429px-Anne_Cresacre_by_Hans_Holbein_the_Younger

The next work executed about the same time but leagues apart in tone and handling. If there’s a Bronzino in a gallery I’m in front of it. The work is in “The Italian Renaissance” Gallery V and its understated elegance could be overlooked as there are Titians in the same room. There is some debate over whether Portrait of a Women in Green (c.1530-32) is actually a Bronzino or possibly a del Piombo or a Sarto. I have my doubts too – it’s not quite good enough but …. it could be a youthful work. Her direct gaze is typical of Bronzino’s portraits and she is an arresting example of a confident and self assured Renaissance woman.

57dd7149f6dd4a588560d207b212e009

The final painting in my selection is the Rembrandt. Again in any other exhibition, a work of this quality would be centre stage but again she is in a corner of Gallery IV, “The Northern Renaissance” and could easily be over looked. This Portrait of an Old Woman (c. 1627-29) is also called The Artist’s Mother as Rembrandt often used his mother, Neeltgen Willensdr, as a model at the beginning of his career. The painting is not a portrait but a tronie (a generic term for ‘face’). Such tronies move beyond imitation and become imaginative exercises using carefully chosen costume and dramatic illumination – a cross between a portrait and a historical painting. I was fascinated by the interplay between the lines on her face with the gorgeous lace and fabric detail, both picked out with a warm Northern European light. It is an amazing painting.

rembrandt portrait royal collection

So there you are: my top five paintings of women from Charles I, King and Collector. Which paintings caught your eye?

Charles I, King and Collector at The Royal Academy, London runs until 15 April 2018.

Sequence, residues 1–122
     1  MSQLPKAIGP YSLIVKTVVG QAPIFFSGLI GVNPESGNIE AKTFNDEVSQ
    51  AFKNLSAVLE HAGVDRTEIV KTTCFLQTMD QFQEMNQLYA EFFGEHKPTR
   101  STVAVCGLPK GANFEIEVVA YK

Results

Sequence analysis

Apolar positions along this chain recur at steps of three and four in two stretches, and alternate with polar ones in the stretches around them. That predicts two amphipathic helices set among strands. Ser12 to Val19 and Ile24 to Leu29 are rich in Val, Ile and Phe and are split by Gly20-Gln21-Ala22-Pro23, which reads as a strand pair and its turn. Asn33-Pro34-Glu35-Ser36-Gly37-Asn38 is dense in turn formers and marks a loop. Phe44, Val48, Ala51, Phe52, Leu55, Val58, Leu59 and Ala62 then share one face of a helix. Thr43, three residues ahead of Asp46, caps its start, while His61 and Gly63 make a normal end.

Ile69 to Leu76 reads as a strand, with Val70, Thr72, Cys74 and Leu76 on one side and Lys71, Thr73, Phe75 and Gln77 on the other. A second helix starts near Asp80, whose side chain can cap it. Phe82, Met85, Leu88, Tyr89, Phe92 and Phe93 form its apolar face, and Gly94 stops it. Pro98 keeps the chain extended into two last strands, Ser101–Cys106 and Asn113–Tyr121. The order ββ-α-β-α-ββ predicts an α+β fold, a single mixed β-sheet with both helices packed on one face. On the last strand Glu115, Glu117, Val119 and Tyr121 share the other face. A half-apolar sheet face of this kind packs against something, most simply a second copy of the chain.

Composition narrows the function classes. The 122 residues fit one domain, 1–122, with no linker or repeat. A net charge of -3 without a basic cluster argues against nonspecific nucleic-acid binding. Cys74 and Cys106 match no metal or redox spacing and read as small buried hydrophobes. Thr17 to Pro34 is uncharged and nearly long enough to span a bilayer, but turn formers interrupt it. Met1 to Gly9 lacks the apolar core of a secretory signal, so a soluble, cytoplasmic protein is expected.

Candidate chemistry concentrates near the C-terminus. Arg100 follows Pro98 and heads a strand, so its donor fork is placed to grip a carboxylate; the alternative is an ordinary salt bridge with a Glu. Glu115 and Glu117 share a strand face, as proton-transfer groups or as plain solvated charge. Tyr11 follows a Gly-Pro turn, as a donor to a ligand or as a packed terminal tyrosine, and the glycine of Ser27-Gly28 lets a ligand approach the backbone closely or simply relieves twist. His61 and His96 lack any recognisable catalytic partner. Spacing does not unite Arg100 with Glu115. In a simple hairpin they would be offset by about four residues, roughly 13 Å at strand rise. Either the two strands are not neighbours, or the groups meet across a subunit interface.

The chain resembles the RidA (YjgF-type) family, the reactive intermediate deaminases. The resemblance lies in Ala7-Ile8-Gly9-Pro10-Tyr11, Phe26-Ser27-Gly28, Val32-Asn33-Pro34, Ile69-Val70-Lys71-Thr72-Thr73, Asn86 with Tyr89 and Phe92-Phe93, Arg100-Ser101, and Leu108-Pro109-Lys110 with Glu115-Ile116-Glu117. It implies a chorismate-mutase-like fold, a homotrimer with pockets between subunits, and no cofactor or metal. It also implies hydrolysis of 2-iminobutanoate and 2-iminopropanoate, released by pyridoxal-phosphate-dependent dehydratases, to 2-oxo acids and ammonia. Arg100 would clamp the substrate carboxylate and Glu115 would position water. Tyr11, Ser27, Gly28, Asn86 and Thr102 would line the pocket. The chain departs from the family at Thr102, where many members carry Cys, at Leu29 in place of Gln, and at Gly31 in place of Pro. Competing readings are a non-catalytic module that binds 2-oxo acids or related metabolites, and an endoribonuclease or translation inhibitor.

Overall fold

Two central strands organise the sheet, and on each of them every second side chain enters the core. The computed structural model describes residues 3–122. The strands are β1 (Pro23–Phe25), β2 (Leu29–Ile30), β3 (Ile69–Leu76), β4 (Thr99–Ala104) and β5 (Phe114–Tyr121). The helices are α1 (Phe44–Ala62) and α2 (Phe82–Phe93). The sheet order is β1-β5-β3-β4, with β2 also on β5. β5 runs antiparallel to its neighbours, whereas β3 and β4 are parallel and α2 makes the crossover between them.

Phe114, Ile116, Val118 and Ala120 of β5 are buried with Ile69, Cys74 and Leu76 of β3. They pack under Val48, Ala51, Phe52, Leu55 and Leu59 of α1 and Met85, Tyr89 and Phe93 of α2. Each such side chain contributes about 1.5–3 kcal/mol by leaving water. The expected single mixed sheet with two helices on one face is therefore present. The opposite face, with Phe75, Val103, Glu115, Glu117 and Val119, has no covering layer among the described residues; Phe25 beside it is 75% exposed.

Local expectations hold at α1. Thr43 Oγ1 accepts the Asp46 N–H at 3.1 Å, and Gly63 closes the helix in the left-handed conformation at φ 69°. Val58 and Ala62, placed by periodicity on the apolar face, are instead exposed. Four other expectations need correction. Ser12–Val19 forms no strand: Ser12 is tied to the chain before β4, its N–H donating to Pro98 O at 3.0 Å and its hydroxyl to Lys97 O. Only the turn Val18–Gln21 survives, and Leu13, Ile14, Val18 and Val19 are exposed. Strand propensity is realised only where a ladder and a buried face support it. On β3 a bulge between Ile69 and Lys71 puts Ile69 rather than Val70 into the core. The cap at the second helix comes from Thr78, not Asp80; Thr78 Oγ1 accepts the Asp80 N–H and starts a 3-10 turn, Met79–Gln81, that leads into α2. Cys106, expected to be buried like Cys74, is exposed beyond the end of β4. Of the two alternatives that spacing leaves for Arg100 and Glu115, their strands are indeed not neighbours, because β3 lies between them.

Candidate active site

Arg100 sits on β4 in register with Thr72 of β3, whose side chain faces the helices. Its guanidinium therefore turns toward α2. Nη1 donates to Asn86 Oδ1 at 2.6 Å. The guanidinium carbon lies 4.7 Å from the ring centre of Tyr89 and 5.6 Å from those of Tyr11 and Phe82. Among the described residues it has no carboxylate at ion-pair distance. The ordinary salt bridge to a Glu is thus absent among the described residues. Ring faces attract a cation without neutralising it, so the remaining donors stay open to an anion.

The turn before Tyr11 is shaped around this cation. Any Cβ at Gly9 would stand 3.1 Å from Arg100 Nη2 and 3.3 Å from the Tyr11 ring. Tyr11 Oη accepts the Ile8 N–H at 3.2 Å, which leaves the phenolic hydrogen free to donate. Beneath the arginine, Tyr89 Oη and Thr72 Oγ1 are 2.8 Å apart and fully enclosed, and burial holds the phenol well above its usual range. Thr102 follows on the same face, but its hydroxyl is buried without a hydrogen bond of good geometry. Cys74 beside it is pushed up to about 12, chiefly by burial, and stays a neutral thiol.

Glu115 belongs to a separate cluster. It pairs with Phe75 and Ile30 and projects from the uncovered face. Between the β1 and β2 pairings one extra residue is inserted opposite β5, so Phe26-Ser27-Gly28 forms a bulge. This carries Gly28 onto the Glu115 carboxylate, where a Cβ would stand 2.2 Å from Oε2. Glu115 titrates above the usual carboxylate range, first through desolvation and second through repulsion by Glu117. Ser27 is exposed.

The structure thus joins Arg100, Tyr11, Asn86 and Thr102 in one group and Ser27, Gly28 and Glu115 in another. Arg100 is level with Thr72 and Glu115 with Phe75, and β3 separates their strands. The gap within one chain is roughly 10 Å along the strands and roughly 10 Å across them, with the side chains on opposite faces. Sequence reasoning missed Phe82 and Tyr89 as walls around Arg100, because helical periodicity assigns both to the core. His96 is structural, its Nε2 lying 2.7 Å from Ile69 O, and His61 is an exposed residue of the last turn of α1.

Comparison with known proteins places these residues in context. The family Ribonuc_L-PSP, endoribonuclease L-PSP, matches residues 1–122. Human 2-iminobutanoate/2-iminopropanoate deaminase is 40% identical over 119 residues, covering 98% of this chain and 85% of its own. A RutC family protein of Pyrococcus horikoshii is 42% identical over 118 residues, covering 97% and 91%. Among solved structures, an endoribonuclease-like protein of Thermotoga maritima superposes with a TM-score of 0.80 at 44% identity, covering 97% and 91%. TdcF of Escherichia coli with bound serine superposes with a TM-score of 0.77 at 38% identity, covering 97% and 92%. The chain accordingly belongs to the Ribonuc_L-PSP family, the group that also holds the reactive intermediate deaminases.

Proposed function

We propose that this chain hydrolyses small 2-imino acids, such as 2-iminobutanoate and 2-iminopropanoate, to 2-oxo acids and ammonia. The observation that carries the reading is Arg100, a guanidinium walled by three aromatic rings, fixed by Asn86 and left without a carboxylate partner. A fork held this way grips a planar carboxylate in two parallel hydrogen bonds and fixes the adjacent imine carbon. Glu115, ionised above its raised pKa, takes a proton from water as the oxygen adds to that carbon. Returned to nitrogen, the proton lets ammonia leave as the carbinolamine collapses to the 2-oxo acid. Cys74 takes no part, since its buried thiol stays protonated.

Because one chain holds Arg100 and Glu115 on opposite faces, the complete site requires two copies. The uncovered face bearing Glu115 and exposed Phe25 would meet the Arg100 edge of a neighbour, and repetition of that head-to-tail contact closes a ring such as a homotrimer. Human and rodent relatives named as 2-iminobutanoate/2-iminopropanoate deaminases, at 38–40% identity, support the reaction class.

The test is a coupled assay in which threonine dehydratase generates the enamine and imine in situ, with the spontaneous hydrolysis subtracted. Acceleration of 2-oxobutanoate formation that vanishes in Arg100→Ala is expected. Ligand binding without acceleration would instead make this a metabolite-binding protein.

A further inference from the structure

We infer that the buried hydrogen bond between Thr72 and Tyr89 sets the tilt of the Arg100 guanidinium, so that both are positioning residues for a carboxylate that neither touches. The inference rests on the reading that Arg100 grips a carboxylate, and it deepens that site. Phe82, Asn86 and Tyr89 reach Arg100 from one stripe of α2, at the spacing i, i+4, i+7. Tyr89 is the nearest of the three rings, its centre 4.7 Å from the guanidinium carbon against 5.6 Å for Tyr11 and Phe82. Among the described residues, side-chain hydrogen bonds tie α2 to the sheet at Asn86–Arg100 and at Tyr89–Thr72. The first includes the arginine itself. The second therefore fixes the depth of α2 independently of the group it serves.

With all exhibitions of this size and popularity, it is worth getting the catalogue first to scope out what you want to see before plunging in. It’s a wonderful book with over 200 colour illustrations, essays to put the exhibition in context, and detailed notes on provenance. Softback £28. Hardback £40.  A link to the Royal Academy bookshop is here.

Head of a Woman c.1630-35 (Private Collection)  Orazio Gentileschi (1563-1639)

Allegory of Painting c.1638-39 (Royal Collection) Artemisia Gentileschi (1593-1652/3)

Anne Cresacre c.1526-27 (Royal Collection) Hans Holbein the Younger (c.1497-1543)

Portrait of a Women in Green c.1530-32 (Royal Collection) Agnolo Bronzino (1503-72)

Portrait of an Old Woman c. 1627-29 (Royal Collection) Rembrandt van Rijn (1606-69)

Quince, cabbage, melon & cucumber: Juan Sanchez Cotan

… intriguing still life … 

still life bodegón melon quince cucumber

Quince, Cabbage, Melon and Cucumber, 1602, (San Diego Museum of Art) by Juan Sánchez Cotán (June 25, 1560 – September 8, 1627) was a Spanish painter, now famous for being a pioneer of a Spanish form of still life painting which is also called bodegón.

The Spanish term bodega is a pretty movable term Continue reading “Quince, cabbage, melon & cucumber: Juan Sanchez Cotan”